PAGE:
She serves to the very end. She witnesses to the last moment. She stands up to face the system when there is no applause and there is no strong support for the movement and there is no protection from its enemies.
Finally, it is Mary Magdalene, the evangelist John details, to whom Jesus appears first after the resurrection. It is Mary Magdalene who is instructed to proclaim the Easter message to the others. It is Mary Magdalene whom Jesus commissions to "tell Peter and the others that I have gone before them into Galilee." It is Mary Magdalene who sees the Risen Christ.
And then, the Scripture says pathetically, "But Peter and John and the others did not believe her and they went to the tomb to see for themselves."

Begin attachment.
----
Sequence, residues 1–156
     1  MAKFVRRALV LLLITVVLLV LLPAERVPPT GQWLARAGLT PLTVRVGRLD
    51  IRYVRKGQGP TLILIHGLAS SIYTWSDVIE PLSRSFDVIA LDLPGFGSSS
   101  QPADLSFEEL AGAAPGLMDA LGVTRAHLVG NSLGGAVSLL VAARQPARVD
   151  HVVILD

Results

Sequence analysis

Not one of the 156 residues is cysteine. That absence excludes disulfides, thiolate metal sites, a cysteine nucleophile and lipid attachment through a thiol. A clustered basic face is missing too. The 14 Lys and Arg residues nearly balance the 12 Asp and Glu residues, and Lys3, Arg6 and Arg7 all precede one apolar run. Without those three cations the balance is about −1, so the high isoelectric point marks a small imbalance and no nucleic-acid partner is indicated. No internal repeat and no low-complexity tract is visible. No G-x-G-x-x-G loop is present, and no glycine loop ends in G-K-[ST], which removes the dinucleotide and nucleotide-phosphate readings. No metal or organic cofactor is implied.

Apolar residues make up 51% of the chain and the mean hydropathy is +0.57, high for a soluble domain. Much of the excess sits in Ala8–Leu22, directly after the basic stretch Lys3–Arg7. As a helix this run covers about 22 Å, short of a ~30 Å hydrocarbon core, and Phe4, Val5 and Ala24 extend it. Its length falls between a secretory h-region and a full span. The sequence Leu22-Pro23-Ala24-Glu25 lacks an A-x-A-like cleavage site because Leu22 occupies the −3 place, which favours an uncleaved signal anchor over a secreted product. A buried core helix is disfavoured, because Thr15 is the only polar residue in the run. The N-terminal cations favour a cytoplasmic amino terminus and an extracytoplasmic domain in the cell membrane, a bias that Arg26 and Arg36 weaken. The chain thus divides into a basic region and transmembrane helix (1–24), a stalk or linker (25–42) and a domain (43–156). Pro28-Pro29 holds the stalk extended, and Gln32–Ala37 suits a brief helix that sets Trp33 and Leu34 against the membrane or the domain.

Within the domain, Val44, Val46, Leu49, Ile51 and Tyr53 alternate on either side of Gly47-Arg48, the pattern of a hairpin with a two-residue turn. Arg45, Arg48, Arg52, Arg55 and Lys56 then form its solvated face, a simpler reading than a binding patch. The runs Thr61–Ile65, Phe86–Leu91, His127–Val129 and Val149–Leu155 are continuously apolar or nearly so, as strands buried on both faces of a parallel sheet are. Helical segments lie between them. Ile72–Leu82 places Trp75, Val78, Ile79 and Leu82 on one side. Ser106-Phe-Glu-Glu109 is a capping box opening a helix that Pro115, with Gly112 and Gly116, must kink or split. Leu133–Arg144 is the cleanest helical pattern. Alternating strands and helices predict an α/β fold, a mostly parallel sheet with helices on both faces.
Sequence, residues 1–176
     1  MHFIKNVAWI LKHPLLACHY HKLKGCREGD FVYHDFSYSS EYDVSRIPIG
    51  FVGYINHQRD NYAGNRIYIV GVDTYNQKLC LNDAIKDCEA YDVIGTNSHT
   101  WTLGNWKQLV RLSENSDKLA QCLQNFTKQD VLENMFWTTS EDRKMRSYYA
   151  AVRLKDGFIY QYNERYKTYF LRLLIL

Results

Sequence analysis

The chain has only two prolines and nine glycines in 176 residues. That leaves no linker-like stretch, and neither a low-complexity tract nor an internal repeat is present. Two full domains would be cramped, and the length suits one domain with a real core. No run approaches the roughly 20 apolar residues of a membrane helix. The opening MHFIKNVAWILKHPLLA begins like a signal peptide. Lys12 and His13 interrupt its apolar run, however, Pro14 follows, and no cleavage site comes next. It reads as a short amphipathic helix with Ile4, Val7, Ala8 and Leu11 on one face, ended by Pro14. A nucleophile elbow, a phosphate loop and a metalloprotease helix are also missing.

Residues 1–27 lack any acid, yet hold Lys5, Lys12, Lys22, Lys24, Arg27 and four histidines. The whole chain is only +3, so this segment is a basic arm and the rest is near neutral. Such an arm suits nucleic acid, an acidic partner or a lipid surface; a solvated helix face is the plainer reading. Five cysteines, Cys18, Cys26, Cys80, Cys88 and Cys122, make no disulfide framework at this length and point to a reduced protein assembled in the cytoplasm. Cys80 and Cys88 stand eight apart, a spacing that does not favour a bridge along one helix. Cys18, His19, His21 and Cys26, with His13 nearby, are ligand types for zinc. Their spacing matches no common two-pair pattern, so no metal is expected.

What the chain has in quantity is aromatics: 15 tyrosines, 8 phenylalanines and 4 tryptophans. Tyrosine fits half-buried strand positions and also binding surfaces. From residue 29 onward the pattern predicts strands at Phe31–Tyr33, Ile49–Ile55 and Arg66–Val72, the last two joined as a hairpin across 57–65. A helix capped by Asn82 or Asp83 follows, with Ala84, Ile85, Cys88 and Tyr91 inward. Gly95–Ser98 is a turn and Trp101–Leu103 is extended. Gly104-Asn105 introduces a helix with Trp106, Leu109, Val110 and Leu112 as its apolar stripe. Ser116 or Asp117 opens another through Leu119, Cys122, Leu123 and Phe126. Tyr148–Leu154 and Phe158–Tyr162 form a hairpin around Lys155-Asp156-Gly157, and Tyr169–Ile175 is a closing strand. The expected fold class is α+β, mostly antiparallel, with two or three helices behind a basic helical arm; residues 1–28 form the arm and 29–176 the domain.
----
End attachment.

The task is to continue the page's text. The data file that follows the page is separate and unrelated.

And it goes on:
It is 2000 years later and little or nothing has changed. The voice of women proclaiming the presence of Christ goes largely unconfirmed. The call of women to minister goes largely unnoted. The commission of women to the church goes largely disdained.
Mary Magdalene is, no doubt about it, an important icon for the twenty-first century.
She calls women to listen for the call of the Christ over the call of the church.
She calls men to listen for the call of the Christ in the messages of women.
She calls women to courage and men to humility.
She calls all of us to faith and fortitude, to unity and universalism, to a Christianity that rises above sexism, a religion that transcends the idolatry of maleness and a commitment to the things of God that surmounts every obstacle and surpasses every system.
Mary Magdalene is a shining light of hope, a disciple of Christ, a model of the wholeness of life, in a world whose name is despair and in a church whose vision is yet, still, even now, partial.